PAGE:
Disk drive reliability and thermal management
Hard disk drives are electromechanical systems which store information. They are the most complex electronic sub-assembly within a computer. If a microprocessor can qualify as the “heart” of a computer system, a disk drive can qualify as the “brain”.
Drives store and retrieve data in milliseconds, measured as access and transfer rate time. The design of a drive is extremely complex. It requires design and integration of mechanical and electrical parts, continuous exchange of information which takes the form of electrical signals between electronics and mechanical sub-assemblies, and also linear and rotational motion.
The mechanical portion of the drive has a motor bearing assembly, spindle, actuator and E-block, or a head stack assembly. The disk stack is mounted on the motor bearing spindle. The motor bearing of an operational drive may rotate as high as 10,000 rpm continuously. The flying height of a head is maintained at micro-inches above the disk during the operation of a drive. The drive performs several functions in different operating modes such as random read, random write, sequential read, sequential write, idle and seek.
Temperature related typical failure modes and mechanisms in a disk drive assembly could be eliminated with proper thermal design. Excessive heat in the motor bearing assembly can cause bearing failure, or excessive friction may breakdown additives in the lubricant to cause catastrophic failure. High internal drive cavity air temperature can cause head-stack assembly, pre-amp IC, and the flex circuit assembly failures. High temperature gradients are known to cause thermal asperity, servo, and read-write problems either as intermittent, soft error, or hard failures. Other heat related failures are servo off-track problems such as bumps, write fault errors and track mis-registration. High temperature may cause the electrical characteristics of the drive to deteriorate significantly and cause signal degradation. At high and low temperature extremes, drive access and seek time slows substantially to cause DNR “Drive Not Ready?” “Command Time Out”, non-recoverable data errors, or cold start failures. Excessive heat from ICs such as the motor driver, ASICs, the read-write channel IC, or a resistor pack may cause the overall operating temperature of the drive to rise, hence adversely impacting on the reliability and the performance of a drive. Typical failure modes due to heat and coefficient of thermal expansion mismatch between the substrate and the IC package are; pad delamination, solder joint cracks, die crack, wire bond and die attach failures.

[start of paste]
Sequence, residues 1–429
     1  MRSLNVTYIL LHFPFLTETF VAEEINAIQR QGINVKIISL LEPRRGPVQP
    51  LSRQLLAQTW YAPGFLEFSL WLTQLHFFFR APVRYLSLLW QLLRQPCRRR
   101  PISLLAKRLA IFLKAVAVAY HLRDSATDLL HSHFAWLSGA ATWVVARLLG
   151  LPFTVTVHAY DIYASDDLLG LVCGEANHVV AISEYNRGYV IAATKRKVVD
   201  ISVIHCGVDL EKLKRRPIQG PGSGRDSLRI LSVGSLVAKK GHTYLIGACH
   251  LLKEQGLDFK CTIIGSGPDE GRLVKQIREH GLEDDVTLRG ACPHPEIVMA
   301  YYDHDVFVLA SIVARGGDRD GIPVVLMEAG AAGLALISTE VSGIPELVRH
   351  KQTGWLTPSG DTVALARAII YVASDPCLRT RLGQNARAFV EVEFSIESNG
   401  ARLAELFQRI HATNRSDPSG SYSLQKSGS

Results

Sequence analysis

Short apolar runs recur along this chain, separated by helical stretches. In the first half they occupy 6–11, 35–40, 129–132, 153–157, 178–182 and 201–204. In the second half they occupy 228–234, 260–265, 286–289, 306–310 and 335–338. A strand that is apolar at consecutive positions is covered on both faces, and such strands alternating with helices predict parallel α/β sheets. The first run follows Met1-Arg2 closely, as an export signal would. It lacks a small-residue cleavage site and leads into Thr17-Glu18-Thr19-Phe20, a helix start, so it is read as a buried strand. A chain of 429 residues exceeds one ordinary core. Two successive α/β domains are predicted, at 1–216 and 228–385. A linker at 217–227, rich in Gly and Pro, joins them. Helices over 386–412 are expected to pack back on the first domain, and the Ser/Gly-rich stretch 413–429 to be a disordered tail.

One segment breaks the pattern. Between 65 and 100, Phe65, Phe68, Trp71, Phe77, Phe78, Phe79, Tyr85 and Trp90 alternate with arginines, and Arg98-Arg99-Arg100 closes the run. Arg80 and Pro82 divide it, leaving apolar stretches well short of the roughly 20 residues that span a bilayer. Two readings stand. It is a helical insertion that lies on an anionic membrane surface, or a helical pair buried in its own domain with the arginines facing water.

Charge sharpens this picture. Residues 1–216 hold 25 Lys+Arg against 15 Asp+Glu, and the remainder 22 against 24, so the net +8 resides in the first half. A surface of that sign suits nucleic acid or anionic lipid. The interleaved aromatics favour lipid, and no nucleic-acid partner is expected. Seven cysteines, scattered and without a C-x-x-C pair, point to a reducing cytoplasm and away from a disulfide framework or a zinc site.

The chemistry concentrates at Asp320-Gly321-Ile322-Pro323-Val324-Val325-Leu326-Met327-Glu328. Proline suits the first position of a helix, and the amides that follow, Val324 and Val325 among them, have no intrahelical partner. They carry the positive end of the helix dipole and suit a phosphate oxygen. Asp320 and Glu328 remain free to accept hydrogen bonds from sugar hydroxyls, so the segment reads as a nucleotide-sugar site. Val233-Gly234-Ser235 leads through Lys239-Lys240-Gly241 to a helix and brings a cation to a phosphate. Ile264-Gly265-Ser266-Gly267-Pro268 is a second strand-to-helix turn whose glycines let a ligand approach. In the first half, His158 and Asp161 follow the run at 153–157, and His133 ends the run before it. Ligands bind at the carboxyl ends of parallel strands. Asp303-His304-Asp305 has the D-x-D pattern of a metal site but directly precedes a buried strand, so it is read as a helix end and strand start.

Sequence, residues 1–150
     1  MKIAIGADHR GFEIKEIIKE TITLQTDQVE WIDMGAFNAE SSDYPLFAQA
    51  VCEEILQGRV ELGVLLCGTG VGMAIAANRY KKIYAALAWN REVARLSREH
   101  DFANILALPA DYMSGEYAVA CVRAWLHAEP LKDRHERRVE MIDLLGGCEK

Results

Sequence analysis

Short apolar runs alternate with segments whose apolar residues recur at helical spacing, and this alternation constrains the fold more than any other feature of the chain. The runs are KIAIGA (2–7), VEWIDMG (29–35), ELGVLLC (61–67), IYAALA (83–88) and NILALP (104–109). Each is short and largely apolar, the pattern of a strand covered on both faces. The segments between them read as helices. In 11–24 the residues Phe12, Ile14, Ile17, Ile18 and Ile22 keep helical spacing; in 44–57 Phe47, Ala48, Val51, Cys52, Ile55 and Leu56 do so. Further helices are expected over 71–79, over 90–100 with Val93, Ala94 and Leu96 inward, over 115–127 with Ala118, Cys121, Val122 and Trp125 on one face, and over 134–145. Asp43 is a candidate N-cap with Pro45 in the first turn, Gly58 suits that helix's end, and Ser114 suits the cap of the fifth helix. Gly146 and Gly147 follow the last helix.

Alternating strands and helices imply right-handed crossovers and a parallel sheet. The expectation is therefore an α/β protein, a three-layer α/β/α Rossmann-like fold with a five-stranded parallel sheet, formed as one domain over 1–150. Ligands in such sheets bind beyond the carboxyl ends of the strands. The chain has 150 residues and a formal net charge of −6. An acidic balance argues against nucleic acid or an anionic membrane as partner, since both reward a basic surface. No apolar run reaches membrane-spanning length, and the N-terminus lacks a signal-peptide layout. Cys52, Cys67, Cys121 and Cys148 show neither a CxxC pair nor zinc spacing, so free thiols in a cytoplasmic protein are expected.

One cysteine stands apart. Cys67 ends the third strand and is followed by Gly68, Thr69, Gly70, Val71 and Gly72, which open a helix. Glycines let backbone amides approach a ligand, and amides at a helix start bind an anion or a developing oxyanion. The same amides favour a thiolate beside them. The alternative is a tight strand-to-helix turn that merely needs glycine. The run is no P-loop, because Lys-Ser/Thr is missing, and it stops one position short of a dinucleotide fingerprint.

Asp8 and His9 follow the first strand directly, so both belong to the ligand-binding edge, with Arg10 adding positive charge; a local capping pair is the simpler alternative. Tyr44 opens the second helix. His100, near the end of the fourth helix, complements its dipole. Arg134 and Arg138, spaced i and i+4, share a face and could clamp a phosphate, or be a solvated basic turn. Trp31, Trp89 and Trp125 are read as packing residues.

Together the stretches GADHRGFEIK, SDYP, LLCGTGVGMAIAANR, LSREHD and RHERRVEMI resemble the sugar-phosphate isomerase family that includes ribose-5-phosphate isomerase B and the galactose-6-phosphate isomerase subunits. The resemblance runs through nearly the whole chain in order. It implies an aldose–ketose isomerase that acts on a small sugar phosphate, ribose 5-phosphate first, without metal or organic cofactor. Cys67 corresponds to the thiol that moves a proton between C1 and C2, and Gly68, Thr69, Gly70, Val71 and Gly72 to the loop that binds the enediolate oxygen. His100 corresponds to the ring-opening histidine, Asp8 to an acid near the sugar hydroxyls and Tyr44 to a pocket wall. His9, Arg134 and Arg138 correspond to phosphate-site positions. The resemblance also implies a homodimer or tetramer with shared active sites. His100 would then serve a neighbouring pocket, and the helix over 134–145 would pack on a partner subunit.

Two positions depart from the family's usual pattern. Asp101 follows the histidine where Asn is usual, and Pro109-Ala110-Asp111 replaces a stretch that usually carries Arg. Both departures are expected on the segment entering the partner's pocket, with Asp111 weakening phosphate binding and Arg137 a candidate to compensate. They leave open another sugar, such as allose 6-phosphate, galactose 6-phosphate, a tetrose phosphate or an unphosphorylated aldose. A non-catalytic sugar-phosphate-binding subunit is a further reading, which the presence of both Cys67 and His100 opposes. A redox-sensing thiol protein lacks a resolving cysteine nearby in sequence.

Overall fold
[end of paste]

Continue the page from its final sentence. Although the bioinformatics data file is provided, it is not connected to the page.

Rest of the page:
The thermal management requirements for a good design are; power budget specifications, power de-rating factor, thermal resistance measurements ja and jc, junction temperature measurements and temperature control, and optimum board layout.
Drive form factor restriction requires drives to stay within the industry specified dimensions for height, length, and width for each class of drives. Thermal design and thermal management becomes extremely difficult since the use of heat-sinks, cooling fans, or any other cooling method may violate the form factor requirements set by the electronic industry. Ingenuity and thermal design experience are key factors required to maintain a drive’s overall operating temperature within limits, and junction and case temperature within each device specification.
Thermal management and thermal design margins are critical factors and must not be ignored if high standards of performance and reliability in the field are desired for disk drive products.